Vietnam is critical to balance of power in Asia
Given the ambivalence of some ASEAN countries to China’s rise and Beijing’s hardnosed strategy of using its financial heft to buy influence across Asia, it is important for democracies like India and Japan to foster cooperation with Vietnam.
It is not very often that New Delhi hosts the Prime Minister and the President of the same country within a span of five weeks. But that’s exactly what Indian Prime Minister Narendra Modi did, inviting Vietnamese Prime Minister Nguyen Xuan Phuc as one of 10 chief guests – all heads of ASEAN governments – for the Republic Day parade on January 26 and then playing host to that country’s President, Tran Dai Quang, in the first week of March.
The officially denied reason for this bonhomie is a shared apprehension of China’s ambitions in east and south Asia.
“Specific Southeast Asian states are now seeking to diversify their strategic partnerships, beyond a binary choice between Beijing and Washington,” leading US think tank, Council on Foreign Relations, said in a note recently, adding that a key element of that strategy is to work with India “as a more forceful counterweight to China and hedge against a declining United States.”
Hanoi, for example, is increasingly looking at New Delhi as a partner on a range of issues, from its dispute with China over the South China Sea to oil exploration, defence cooperation and closer economic ties. India, too, has belatedly entered the game that Great Powers play and made Vietnam the fulcrum of its Act East Policy to expand its economic and geo-strategic footprint across East and South East Asia.
It is a well calibrated diplomatic game and a war of nerves that India has, uncharacteristically, chosen to participate in, but it is quite in line with the bold new foreign policy paradigm set by Modi. For example, in their meeting in March Modi and Quang agreed to further cooperation in defence and joint exploration efforts in the disputed waters, drawing prompt criticism from China.
Closer ties with Vietnam are important for securing India’s energy needs. Hanoi has allotted ONGC, India’s public sector oil explorer, two oil blocks in the South China Sea, though China opposes these awards, claiming, without any rationale, that the oil reserves fall within its own territory.
ONGC Videsh, the overseas arm of ONGC, has stopped work on one block because of poor prospects of finding oil but had received an extension of one year for the other. India has said more than once that ONGC’s exploration efforts are a commercial operation and have nothing to do with China’s bilateral dispute with Vietnam but oil exploration in the South China Sea by any country other than China invariably raises Beijing’s hackles.
The two countries will look for a trilateral partnership in the oil and gas sector, Modi announced after his meeting with the Vietnamese President.
“We highly value projects, including the cooperation in joint oil and gas exploration in the continental shelf of Vietnam,” Quang said.
Freedom of navigation
To broad-base bilateral ties and deepen the relationship, the two countries also agreed to cooperate with each other on nuclear energy, trade and agriculture and work together to ensure a free and open Indo-Pacific.
“We will jointly work for an open, independent and prosperous Indo-Pacific region where sovereignty and international laws are respected and where differences are resolved through talks,” Modi said, adding that India believes in freedom of navigation and over flights in the region.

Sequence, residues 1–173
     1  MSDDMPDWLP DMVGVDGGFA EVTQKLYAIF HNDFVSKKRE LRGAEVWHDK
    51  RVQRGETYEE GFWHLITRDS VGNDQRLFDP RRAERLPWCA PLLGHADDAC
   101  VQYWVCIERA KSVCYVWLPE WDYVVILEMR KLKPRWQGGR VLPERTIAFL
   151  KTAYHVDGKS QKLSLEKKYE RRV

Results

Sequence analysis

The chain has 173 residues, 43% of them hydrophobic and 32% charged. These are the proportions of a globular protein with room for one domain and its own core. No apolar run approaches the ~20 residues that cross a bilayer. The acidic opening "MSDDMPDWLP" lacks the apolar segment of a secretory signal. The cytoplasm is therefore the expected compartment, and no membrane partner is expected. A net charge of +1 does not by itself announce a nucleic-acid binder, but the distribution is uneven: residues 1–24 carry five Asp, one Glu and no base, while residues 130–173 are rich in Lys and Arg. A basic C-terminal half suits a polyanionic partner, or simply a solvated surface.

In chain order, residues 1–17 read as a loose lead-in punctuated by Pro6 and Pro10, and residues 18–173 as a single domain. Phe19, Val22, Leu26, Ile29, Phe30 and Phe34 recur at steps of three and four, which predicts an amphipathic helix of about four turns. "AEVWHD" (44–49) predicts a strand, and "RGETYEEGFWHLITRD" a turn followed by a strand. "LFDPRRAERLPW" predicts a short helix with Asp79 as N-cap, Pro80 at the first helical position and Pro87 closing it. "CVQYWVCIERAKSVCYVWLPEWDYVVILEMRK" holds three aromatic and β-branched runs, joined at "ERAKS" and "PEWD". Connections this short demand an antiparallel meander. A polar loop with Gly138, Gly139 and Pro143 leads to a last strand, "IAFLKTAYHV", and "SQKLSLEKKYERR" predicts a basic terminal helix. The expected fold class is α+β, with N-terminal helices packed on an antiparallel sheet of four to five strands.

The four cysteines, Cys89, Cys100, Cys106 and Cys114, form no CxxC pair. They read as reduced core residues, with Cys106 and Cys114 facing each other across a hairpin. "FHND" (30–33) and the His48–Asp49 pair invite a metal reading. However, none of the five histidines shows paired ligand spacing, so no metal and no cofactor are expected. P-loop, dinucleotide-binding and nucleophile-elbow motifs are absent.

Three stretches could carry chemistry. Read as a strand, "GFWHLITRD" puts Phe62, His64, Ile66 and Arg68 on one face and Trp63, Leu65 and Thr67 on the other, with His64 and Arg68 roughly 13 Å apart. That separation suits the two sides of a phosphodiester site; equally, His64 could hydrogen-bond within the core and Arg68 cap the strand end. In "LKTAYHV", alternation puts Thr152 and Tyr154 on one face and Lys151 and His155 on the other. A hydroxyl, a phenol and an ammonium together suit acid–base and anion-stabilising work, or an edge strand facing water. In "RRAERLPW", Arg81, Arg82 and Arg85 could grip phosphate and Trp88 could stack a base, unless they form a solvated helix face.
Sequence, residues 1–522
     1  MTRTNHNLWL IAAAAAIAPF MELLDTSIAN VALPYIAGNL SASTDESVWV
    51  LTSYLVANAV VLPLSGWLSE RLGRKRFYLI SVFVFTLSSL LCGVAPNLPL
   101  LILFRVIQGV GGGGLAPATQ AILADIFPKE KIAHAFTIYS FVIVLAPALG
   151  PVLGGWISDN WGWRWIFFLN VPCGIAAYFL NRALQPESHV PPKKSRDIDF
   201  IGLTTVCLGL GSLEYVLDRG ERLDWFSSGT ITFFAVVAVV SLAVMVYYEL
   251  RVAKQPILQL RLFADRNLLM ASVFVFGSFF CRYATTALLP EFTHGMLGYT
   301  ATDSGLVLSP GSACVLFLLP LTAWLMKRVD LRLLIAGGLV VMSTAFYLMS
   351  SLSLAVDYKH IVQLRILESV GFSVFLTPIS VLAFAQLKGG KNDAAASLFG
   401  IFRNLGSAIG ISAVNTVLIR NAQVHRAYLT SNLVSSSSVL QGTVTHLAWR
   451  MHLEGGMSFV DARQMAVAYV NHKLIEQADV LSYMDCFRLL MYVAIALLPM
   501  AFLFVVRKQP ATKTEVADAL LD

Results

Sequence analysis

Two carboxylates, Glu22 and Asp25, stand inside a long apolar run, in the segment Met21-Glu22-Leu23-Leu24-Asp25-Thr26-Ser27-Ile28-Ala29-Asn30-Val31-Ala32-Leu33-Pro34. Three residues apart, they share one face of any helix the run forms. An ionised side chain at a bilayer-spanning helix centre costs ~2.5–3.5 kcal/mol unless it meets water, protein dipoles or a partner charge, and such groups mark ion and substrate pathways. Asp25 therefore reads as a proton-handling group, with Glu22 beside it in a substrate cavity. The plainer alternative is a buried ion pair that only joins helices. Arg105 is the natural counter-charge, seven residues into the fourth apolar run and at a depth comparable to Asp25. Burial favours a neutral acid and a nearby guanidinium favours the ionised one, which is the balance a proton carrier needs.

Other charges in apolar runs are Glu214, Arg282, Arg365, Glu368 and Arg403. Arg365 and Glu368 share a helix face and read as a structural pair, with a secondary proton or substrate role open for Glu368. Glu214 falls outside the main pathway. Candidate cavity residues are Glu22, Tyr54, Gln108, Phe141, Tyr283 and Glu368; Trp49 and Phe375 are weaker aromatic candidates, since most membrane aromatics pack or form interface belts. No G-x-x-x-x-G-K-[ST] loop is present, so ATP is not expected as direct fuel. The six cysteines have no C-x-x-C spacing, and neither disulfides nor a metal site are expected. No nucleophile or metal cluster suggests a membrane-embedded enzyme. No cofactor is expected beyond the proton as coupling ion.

Growing trade relations
Meanwhile, bilateral trade between India and Vietnam has been growing in tandem with the strategic relationship.
According to official data, bilateral trade during January-October 2015 was $4.28 billion. This included $2.5 billion of exports from India and $2.07 billion imports into that country. However, by another method of calculation, the total value of trade between the two countries was more than $9.2 billion in 2014-15.
During the visit of Nguyen Phu Trong to India in November 2013, the two sides agreed to expand this figure to $15 billion by 2020.
Solid economic base
The strategic partnership, obviously aimed at preventing any other Asian power from emerging as a regional hegemon, has a strong economic component as well.
The Modi Cabinet had earlier approved a $80-million project development fund to facilitate and increase the entry and presence of Indian companies in the CLMV sub-group within Asean, which have preferential access pacts with China, European Union and the US and so, can act as gateways for India Inc into these markets. As the acronym suggests, the four countries are Cambodia, Laos, Myanmar and Vietnam, with the last playing a disproportionately large role within this group for India.
Indian companies eye new frontier
At a time when Indian companies are struggling with sluggish consumption at home and rising competition abroad, markets like Vietnam offer hope.
Indian companies are executing projects worth almost a billion dollars in Vietnam in the oil and gas, minerals, sugar, agro-chemicals, IT and agricultural processing sectors.
Taking advantage of the close ties between the two countries many leading Indian business houses such as the Tatas, Reliance Industries, Aditya Birla Group, ONGC Videsh, Tech Mahindra, Godrej, NIIT and Ranbaxy, among several others, have set up operations in Vietnam.
Vietnam is a former centrally planned economy that is transitioning to a market economy. And agriculture remains the dominant vocation in that country. So, Indian companies are ideally suited to become partners in Vietnam’s progress.
Gaps that need attention